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THE INNER VISION.
To pace the ground, if path there be or none,
THE GLORY OF NATURE.
Had scattered from its wheels the twilight dun,
If only once blind eyes had seen the Spring,
Waking amid the triumphs of mid-noon;
But once had seen the lovely Summer boon
If only once deaf ears had heard the joy
Of the wild birds, or morning breezes blowing,
Or silver fountains from their caverns flowing,
If only once weird Time had rent asunder
The curtain of the clouds, and shown us night
Climbing into the awful InfiniteThose stairs whose steps are worlds, above and under, Glory on glory, wonder upon wonder !
The lightnings lit the earthquake on his way;
The sovran thunder spoken to the world ;
The realm-wide banners of the wind unfurled;
Ah ! sure the heart of man, too strongly tried
By Godlike Presences so vast and fair,
Withering with dread, or sick with love's despair, Had wept for ever and to Heaven cried, Or, struck with lightnings of delight, had died.
But he, though heir of Immortality,
With mortal dust too feeble for the sight,
Draws through a veil God's overwhelming light; Use arms the soul-anon there moveth by A more majestic angel--and we die !
THE LATTICE AT SUNRISE.
AS S on my bed at dawn I mused and prayed,
I saw my lattice prankt upon the wall, The flaunting leaves and flitting birds withalA sunny phantom interlaced with shade; "Thanks be to heaven,' in happy mood I said, "What sweeter aid my matins could befall Than this fair glory from the East hath made? What holy sleights hath God, the Lord of all, To bid us feel and see! We are not free To say we see not, for the glory comes Nightly and daily, like the flowing sea ; His lustre pierceth through the midnight glooms; And, at prime hour, behold! He follows me With golden shadows to my secret rooms !'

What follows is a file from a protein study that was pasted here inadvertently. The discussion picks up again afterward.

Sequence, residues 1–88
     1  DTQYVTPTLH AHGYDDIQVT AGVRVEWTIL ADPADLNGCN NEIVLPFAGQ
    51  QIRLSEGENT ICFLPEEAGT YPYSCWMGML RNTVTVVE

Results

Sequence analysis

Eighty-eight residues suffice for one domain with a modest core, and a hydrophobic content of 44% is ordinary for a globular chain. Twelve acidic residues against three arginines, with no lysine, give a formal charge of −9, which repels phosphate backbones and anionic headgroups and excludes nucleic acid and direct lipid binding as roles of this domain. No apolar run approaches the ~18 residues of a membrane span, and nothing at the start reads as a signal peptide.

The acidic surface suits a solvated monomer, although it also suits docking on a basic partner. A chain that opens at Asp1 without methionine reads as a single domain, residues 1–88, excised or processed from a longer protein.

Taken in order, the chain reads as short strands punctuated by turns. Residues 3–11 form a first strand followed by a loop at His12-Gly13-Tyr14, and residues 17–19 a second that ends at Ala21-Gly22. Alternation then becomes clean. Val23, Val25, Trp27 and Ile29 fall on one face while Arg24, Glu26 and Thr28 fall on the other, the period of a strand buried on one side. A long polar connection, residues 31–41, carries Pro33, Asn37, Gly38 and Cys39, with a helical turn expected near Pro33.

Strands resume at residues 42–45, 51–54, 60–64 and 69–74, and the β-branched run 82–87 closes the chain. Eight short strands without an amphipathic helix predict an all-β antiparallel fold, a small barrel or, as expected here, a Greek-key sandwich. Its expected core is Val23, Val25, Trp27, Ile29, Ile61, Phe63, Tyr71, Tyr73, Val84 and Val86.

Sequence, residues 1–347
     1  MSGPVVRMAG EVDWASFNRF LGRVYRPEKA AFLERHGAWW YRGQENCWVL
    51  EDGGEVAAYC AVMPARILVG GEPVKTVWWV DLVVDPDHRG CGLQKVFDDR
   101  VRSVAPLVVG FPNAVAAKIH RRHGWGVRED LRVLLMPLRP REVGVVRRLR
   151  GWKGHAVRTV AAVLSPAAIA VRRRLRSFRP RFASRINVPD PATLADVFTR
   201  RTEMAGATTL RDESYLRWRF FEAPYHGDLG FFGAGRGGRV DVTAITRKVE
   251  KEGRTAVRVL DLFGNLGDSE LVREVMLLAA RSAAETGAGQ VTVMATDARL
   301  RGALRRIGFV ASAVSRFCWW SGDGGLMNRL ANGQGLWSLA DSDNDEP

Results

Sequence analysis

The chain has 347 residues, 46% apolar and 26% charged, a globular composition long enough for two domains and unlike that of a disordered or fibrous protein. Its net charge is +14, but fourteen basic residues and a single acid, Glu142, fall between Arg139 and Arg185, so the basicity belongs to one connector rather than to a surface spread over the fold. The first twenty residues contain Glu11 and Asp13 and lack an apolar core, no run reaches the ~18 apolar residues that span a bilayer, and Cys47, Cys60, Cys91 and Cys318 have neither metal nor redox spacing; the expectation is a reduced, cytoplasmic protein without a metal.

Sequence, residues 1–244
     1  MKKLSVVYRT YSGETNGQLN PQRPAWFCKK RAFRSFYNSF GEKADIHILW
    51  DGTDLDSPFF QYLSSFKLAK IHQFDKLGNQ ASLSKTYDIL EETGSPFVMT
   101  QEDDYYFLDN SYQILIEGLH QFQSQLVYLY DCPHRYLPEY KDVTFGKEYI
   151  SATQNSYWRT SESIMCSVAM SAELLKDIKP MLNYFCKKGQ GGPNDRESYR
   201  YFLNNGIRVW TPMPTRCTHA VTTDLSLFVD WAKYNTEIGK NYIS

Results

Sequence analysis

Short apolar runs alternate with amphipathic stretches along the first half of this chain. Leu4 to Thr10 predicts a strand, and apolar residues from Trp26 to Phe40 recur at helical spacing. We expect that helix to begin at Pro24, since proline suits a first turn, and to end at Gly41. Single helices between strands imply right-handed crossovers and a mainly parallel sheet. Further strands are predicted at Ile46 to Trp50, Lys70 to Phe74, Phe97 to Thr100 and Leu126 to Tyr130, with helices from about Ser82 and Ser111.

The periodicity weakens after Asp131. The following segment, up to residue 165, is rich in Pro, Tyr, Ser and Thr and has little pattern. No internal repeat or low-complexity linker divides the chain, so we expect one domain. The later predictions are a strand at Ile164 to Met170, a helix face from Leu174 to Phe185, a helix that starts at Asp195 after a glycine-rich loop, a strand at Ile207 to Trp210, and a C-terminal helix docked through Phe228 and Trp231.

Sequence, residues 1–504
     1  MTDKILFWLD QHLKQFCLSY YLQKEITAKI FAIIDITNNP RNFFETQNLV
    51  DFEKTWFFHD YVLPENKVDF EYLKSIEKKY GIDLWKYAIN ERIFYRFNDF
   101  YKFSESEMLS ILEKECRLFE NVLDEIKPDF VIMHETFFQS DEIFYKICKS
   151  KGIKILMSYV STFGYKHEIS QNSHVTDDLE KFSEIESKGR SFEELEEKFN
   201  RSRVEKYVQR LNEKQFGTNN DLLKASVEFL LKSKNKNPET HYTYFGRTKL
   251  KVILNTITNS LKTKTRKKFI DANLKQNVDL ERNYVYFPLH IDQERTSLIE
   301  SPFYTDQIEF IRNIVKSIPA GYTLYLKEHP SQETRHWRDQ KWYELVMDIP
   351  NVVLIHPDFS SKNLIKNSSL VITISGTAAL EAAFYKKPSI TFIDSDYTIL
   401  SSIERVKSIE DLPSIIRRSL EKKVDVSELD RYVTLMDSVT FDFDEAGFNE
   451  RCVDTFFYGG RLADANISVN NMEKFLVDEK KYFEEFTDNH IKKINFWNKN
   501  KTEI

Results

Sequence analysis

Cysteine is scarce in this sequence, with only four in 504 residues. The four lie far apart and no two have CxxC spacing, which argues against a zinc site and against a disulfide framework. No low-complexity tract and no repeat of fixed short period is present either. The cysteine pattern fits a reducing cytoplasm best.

THE FOREST GLADE.
AS S, one dark morn, I trod a forest glade,
A sunbeam entered at the further end, And ran to meet me through the yielding shadeAs one who in the distance sees a friend, And, smiling, hurries to him; but mine eyes, Bewildered by the change from dark to bright, Received the greeting with a quick surprise At first, and then with tears of pure delight: For sad my thoughts had been—the tempest's wrath Had gloomed the night, and made the morrow grey ; That heavenly guidance humble sorrow hath Had turned my feet into that forest-way, Just when His morning light came down the path, Among the lonely woods at early day.
when the Spring once more Stepping o'er Winter's grave forlorn With wingèd feet retreads the shore
Of widowed Earth, his bosom burn?
As ordered flower succeeds to flower,
And May the ladder of her sweets Ascends, advancing hour by hour
From scale to scale, what heart but beats?
Some Presence veiled, in fields and groves,
That mingles rapture with remorse, Some buried joy beside us moves,
And thrills the soul with such discourse
As they, perchance, that wondering pair
Who to Emmaus bent their way, Hearing, heard not; like them our prayer
We make—“The night is near us . . Stay!'
With Paschal chants the churches ring,
Their echoes strike along the tombs ; The birds their Hallelujahs sing;
Each flower with floral incense fumes.
Our long-lost Eden seems restored;
As on we move with tearful eyes
Some upward-working Paradise.
Three worlds there are :-the first of Sense
That sensuous earth which round us lies; The next of Faith's Intelligence;
The third of Glory, in the skies.
The first is palpable, but base;
The second heavenly, but obscure; The third is starlike in the face
But ah! remote that world as pure !